Additive Manufacturing Strategies

Olympic Cycling Team Made More Aerodynamic with 3D Scanning

HP

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The Italian national cycling team is going for the gold at this week’s Tokyo 2020 Olympics, and in order to improve their aerodynamic efficiency for competition, the athletes were all 3D scanned, using the Calibry scanner, by 3DiTALY, the Italian partner of Thor3D. The results of these aerodynamic studies were recently outlined in a case study by the scanning company.

Fully-equipped Italian cyclist on bike while being 3D scanned

I’m not what you’d call a big sports fan, but that changes when it’s time for the Olympics—when I’m watching Team USA compete in gymnastics, swimming, beach volleyball, and other events, I yell at the TV louder than my husband does when he watches football. There are numerous examples of 3D technologies being used to help Olympic hopefuls win gold medals, and even earlier this month we heard about a custom 3D printed grip made for a French pistol shooter, and 3D printed bicycle components created for a member of Great Britain’s cycling team. These last two examples were for the Summer Olympic Games taking place right now in Japan, after being postponed last year due to the COVID-19 pandemic.

In terms of cycling, good aerodynamics are critically important to help athletes keep performing at top speeds. The goal of this case study was to capture the most aerodynamic position while a cyclist is decked out in full gear, and then take those measurements and give them to engineers from bike manufacturer Pinarello so they can fabricate custom handlebars.

Graph showing power contributions in cycling on a 1% slope

The biggest factor slowing down a cyclist is the air! Image courtesy of Hale Dynamics

Italian companies HardSkin and Pinarello, the latter of which is very familiar with 3D printing, supply the Italian national team with all of their cycling equipment; Hardskin is in charge of the sportswear, while Pinarello takes care of the bicycles. The two partnered up to figure out how to improve the team’s aerodynamic efficiency in time for the Tokyo Olympics.

Hardskin asked 3DiTALY to digitize both the Pinarello bicycles and the cyclists themselves, and the scanning process took place earlier this year at the Velodrome of Montichiari in Brescia—Italy’s first and only indoor facility fully dedicated to track cycling.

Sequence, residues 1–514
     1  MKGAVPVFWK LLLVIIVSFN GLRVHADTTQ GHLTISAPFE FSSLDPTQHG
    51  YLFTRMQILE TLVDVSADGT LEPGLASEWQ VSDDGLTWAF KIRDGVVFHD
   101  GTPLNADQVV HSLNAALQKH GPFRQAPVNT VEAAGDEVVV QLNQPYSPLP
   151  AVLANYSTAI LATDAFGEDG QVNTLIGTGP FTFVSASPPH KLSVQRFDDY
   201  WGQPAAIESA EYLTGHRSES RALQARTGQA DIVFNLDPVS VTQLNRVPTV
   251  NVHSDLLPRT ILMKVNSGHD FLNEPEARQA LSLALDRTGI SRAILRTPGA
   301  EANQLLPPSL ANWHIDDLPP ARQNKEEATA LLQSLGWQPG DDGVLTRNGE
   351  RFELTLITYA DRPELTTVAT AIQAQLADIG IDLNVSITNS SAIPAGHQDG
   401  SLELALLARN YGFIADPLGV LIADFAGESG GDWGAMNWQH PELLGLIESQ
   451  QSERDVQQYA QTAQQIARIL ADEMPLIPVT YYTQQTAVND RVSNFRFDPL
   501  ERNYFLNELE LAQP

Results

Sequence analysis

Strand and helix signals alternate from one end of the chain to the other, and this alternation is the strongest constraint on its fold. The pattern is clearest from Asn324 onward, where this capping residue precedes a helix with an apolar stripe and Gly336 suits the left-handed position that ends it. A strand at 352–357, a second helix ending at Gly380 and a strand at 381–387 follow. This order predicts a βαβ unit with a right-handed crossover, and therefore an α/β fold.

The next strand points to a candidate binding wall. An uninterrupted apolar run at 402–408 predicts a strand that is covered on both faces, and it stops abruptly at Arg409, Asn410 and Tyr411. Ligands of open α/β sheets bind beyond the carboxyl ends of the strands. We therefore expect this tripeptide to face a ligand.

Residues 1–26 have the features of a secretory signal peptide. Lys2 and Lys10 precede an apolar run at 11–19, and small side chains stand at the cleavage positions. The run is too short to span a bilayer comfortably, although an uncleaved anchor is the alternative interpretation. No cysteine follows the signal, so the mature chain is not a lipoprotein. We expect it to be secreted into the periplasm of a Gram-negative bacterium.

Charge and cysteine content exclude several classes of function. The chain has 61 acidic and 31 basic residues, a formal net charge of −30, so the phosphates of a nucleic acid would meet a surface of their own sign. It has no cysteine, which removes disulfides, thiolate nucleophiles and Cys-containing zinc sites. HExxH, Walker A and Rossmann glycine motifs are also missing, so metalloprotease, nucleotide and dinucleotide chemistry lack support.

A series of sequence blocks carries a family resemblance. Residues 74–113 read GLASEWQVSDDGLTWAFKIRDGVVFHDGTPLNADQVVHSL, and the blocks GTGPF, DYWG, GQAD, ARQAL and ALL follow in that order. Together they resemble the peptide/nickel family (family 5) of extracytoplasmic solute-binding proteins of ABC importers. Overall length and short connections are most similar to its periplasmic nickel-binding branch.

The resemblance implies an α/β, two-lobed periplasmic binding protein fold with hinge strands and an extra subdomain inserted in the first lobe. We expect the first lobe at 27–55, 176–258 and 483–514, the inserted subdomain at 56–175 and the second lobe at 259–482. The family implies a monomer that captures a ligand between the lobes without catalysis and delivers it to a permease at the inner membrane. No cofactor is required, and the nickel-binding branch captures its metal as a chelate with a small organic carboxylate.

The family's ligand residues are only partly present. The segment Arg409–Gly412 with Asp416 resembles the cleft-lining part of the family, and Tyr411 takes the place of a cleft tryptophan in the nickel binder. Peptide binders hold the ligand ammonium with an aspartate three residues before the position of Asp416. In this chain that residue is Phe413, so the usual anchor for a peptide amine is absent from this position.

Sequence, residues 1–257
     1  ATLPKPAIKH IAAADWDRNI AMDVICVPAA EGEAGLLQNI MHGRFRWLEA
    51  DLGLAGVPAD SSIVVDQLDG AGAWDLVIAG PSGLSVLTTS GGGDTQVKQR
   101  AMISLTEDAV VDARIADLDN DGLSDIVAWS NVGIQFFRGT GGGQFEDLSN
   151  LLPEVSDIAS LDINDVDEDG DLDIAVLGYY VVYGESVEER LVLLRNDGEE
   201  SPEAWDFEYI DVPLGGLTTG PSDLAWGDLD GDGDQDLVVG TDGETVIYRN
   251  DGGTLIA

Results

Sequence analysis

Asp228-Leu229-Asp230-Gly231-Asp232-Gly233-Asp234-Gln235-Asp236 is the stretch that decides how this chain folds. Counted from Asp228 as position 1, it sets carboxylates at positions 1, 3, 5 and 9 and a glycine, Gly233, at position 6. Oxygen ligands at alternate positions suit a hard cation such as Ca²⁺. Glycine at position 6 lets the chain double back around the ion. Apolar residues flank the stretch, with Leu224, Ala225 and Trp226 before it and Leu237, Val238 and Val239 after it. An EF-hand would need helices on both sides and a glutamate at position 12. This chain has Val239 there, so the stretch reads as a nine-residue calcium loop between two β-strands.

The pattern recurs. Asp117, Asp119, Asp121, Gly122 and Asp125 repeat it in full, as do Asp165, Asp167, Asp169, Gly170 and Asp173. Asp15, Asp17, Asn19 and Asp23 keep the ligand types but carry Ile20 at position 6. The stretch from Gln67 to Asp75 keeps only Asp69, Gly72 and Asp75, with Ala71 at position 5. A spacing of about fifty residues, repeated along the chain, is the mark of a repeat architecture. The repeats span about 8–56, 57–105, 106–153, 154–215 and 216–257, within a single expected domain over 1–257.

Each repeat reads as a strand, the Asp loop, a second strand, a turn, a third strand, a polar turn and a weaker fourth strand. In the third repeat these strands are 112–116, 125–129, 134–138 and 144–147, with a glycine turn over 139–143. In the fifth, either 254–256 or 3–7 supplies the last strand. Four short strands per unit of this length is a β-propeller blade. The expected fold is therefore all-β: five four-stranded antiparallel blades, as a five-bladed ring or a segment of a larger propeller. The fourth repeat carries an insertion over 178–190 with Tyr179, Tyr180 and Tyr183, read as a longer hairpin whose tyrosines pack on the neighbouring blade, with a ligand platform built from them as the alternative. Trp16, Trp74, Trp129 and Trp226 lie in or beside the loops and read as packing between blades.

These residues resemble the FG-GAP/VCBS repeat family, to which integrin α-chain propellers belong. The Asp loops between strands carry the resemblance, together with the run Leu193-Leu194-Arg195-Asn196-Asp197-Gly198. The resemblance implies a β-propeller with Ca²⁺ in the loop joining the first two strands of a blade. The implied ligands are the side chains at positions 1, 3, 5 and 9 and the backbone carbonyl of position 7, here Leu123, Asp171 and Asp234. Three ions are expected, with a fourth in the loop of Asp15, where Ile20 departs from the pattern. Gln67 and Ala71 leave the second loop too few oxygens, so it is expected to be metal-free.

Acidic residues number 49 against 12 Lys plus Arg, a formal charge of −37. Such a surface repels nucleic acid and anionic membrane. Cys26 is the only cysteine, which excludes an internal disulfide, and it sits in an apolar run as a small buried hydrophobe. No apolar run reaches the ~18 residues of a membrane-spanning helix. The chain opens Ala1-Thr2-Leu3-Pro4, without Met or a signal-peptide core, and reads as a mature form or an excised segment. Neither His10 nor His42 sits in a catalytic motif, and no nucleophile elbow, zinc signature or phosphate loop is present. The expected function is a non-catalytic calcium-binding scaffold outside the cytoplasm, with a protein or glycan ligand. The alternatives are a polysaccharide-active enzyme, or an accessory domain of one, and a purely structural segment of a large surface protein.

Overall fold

3DiTALY engineer 3D scanning Italian cyclist

Because a 3D model file has all of the information required to analyze an athlete’s position, 3D scanning was chosen for the project, as the technology is a convenient and fast way to capture data. Fast is certainly right, as, according to the Thor3D case study, it only took 3DiTALY two minutes to make a series of accurate, high-resolution models using the Calibry 3D scanner.

Using the Calibry, the 3D body scanning first captured the athlete’s warm-up routine and preparation of “the mechanical medium,” followed by an imitation of an actual bike race in order to determine the most aerodynamic position for the cyclist. Finally, wearing a bodysuit and helmet to simulate the race, the athlete maintained race position on the bike while being scanned.

3D scan data of cyclist in Calibry Nest software

Calibry Nest software was then used to post-process all of the scan data, which was sent to engineers from Pinarello for the aerodynamic studies. Then, in time for this week’s Olympic Games, the bike manufacturer tailor-made a unique handlebar for the cycle, which fits the athlete’s arms perfectly.

(Source/Images: Thor3D)

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